InDuna Risk Management assists clients by facilitating illumination assessments in the working environment and recommends the best system of control to mitigate the risks identified.

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    5. Non-Ionising Radiation (NIR)

    Non-Ionising Radiation (NIR) describes two areas of the electromagnetic spectrum, the first is optical radiation (ultraviolet, visible and infrared) followed by electromagnetic fields (EMF’s: power frequencies, microwaves and radio frequencies). NIR is found in various working environments and can have adverse health effects on employees being exposed to welding, heating, cutting, lasers and wireless communication sources.

    The health risks associated with exposure to NIR includes skin burns, cataracts, melanoma, central nervous system, deep organ and tissue heating and damage. It is common knowledge that exposure to EMF can result in an increase in adverse health effects, but it must be noted that these cases are not wide spread and should not be a problem to the general workforce.

    Non-Ionising Radiation is covered under the Hazardous Substances Act (HSA, No.15 of 1973) and the Department of Health Directorate: Non-Ionising Radiation and Electromedical Devices, is responsible for overseeing and regulating all NIR sources. Assessing the risk of exposures to NIR is covered under the general duties of an employer to assess risk in the working environment as prescribed under the Occupational Health and Safety Act as well as the Mine Health and Safety Act and guidance is given under Directive 2006/25/EC Optical Radiation Directive for the minimum health and safety requirements regarding the exposure of workers to the risk arising from physical agents (artificial optical radiation).

    InDuna Risk Management assists clients by facilitating non-ionising radiation assessments in the working environment and recommends the best system of control to mitigate the risks identified.

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    6. Ionising Radiation

    Ionising Radiation means radiation that can pass through matter and cause it to become electrically charged (ionised). Ions produced by radiation can negatively impact the living cells in the human body. Ionisation is a sign of radiation produced when radioactive elements decay. Due to its intensity it can remove the electrons from atoms in matter and therein lies the risk to human health.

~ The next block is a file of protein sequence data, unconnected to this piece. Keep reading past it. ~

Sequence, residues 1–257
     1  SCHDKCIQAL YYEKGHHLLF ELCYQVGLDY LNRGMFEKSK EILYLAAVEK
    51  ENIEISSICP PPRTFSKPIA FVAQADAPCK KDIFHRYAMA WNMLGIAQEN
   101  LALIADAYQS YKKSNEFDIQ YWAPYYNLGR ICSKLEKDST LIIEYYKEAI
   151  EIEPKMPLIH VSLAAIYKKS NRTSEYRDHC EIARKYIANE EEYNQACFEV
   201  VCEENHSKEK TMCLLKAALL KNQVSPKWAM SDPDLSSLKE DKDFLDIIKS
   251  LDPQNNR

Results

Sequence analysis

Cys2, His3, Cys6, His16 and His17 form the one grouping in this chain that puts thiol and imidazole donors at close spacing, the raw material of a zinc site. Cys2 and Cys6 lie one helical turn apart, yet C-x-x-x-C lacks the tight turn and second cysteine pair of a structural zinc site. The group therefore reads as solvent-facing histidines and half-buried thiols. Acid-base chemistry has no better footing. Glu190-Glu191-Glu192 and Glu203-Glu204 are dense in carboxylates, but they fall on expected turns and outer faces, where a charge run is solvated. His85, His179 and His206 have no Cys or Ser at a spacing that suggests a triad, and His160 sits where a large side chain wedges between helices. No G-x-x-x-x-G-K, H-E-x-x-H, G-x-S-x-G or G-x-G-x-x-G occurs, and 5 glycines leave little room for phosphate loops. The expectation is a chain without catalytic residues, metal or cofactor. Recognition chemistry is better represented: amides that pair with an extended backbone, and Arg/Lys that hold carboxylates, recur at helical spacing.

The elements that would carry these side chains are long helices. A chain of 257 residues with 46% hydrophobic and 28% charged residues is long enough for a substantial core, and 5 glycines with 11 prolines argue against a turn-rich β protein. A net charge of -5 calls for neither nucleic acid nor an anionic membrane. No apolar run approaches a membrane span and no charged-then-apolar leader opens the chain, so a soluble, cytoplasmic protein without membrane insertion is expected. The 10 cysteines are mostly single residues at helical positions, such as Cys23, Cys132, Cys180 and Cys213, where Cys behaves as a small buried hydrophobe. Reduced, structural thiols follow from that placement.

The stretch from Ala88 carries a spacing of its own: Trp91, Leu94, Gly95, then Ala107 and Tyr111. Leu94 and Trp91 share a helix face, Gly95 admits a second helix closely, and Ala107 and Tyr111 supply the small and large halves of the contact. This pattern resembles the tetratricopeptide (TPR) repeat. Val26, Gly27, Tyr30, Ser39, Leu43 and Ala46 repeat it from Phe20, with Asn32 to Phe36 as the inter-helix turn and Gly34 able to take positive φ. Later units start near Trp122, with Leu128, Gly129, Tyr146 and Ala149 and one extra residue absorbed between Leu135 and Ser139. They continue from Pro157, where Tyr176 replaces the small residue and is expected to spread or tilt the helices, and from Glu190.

Ionizing Radiation is in general harmful to human health and potentially lethal to living organisms but does have some health benefits through radiation therapy for the treatment of cancer. The main benefit to human health, of ionising radiation, is in the treatment of cancerous growths through radiation therapy that can stop the growth of tumours. Controlled doses are used for medical imaging and radiotherapy but prolonged or repeated exposure to ionising radiation can result in adverse health effects.

    High amounts of ionising radiation exposure can result in genetic defects, cancers or tumours and even death.

    In the South African mining industry, ionising radiation is covered under the Nuclear Energy Act of 1999. In the past it required all mines producing or mining uranium as a by-product, and later all gold mines to obtain a Certificate of Registration. Today this requirement extends to all mines and places the responsibility on them for nuclear regulatory control and the National Nuclear Regulator enforces compliance under the National Nuclear Regulations Act (NNRA No. 47 of 1999) and the Mine Health and Safety Act. The Mine Health and Safety Act prescribes the monitoring requirements to ensure that no person is exposed to ionising radiation as a result from mining activities.

    Low levels of uranium is contained in the mineral deposits mined by some mines and the National Nuclear Regulator monitors and inspect the performance standards, conditions and procedures related to the processing of ore and tailing deposits at tailings dams to ensure that no exposure is present.

    Ionising Radiation and Radioactive Nuclides are covered under the Hazardous Substances Act (HSA, No.15 of 1973) and the Department of Health Directorate: Radiation Control is responsible for overseeing and regulating ionising radiation exposures. Assessing the risk of exposures to ionising radiation is covered under the general duties of an employer to assess risk in the working environment as prescribed under the Occupational Health and Safety Act and should be incorporated into an Occupational Hygiene Monitoring Programme.

    InDuna Risk Management assists clients by facilitating ionising radiation assessments in the working environment and recommends the best system of control to mitigate the risks identified
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    7. Ergonomic Assessments

    Ergonomics plays an integral part in today’s working environment and the interaction of employees with their working environment. Employees have to overcome the compatibility challenges faced by design, implementation or integration of work positions and environments that have a negative impact on their health and safety.